I agree wholeheartedly with the comments the article makes about the Brooklyn Bridge. The people using that bridge set a new standard for rude... I am sorry people, but when I am photographing the towers of the Brooklyn Bridge I want to be dead-center, not off-center in the pedestrian lanes. Although considering my trips to New York City also include police harassment during legal bridge photography and cars speeding up (flooring it actually) when they see pedestrians crossing a street, maybe this general hatred of other humans is just New York City.

The other one I agree strongly with is the Pulaski Skyway. A truly incredible historic bridge, and I wouldn't advocate altering its unaltered historically accurate layout, but the bridge's early use of onramps are the most dangerous and scary bits of road I have ever used. Not only do the ramps have zero acceleration lanes, you absolutely cannot see if cars are coming as you look back and try to see over the railing. So you basically pray and floor it... and usually get someone honking their horn at you because you basically pulled out in front of them by mistake.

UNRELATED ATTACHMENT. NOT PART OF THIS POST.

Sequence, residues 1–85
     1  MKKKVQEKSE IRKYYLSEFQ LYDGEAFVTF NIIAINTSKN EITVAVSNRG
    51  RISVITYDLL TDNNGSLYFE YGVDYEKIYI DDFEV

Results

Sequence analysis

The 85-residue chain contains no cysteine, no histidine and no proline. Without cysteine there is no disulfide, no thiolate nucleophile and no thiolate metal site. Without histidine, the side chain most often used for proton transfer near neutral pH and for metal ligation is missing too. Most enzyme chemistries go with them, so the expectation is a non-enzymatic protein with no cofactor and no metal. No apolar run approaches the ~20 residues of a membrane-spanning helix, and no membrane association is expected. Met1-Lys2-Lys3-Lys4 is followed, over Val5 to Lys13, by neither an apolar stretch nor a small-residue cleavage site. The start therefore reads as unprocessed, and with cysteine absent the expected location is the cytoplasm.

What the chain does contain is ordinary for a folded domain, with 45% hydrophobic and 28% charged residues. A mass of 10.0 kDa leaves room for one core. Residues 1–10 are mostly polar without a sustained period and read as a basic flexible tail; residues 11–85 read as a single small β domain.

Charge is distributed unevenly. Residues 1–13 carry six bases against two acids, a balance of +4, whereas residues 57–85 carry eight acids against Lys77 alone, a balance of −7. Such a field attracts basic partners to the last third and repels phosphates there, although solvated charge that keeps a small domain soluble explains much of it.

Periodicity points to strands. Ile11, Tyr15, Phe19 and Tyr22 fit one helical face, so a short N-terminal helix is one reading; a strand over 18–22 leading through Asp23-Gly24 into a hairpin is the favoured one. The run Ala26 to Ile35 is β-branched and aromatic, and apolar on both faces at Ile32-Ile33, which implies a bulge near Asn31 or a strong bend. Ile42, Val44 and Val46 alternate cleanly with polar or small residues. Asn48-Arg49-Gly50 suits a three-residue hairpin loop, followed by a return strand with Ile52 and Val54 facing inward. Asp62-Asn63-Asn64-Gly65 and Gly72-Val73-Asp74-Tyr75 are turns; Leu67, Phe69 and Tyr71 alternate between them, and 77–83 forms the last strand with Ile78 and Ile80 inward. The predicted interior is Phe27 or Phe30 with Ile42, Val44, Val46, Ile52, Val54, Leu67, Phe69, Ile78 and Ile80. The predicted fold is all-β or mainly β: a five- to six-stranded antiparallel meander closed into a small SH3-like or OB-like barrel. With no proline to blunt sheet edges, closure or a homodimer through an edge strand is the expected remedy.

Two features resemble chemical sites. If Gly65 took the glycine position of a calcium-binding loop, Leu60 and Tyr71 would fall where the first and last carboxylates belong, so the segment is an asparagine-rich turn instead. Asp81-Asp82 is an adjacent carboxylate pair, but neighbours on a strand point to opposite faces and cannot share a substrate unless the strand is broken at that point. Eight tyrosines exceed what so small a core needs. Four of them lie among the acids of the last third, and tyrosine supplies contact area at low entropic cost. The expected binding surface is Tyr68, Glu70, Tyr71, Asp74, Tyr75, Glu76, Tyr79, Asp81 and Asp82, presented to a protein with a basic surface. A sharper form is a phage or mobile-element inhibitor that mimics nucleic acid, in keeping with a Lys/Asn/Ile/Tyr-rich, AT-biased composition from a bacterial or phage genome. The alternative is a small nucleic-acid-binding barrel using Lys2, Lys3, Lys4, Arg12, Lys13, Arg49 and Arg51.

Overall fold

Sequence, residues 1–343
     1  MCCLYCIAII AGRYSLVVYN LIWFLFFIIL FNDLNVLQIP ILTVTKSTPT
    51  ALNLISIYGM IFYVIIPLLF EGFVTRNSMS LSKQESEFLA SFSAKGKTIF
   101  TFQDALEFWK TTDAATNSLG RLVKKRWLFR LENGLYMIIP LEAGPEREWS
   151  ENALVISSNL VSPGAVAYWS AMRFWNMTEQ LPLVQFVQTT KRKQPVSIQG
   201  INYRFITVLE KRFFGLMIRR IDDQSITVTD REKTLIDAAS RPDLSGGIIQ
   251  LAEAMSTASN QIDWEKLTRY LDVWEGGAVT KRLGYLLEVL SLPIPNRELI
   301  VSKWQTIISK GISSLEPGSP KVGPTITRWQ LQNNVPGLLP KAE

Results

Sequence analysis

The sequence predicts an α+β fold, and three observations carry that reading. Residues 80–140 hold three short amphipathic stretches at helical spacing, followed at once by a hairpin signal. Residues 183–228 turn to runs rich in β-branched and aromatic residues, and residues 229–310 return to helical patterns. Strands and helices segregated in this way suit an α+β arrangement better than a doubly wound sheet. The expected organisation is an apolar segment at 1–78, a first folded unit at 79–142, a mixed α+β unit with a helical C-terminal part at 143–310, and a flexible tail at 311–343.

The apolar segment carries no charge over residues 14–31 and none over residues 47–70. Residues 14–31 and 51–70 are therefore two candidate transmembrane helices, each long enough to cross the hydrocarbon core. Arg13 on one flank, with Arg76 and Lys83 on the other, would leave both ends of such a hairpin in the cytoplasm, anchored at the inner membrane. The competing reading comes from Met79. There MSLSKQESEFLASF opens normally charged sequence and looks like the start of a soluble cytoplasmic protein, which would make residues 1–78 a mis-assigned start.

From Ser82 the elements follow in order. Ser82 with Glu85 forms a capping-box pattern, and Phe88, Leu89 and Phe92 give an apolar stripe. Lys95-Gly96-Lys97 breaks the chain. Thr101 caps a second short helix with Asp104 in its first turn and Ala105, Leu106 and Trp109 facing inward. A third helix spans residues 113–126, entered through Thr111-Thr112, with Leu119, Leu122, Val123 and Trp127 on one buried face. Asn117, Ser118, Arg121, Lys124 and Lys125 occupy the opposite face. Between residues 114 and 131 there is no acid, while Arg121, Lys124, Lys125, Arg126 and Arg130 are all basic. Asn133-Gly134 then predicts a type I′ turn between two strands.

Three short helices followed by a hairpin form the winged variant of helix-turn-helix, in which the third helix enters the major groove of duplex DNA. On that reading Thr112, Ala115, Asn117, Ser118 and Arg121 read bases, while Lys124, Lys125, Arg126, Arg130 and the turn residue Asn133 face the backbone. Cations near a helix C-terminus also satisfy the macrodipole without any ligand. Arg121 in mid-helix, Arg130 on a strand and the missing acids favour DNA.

The article fails to mention that modern bridges are scary because they visually look like flimsy slabs of concrete and their shoddy construction only adds to the concern.

Deception Pass Bridge
Posted September 23, 2014, by K. A. Erickson

A contributor at Yahoo! Travel has listed this bridge as one of "The Most Terrifying Bridges in the USA" among others.


Anyone agree/disagree with the selection or the list?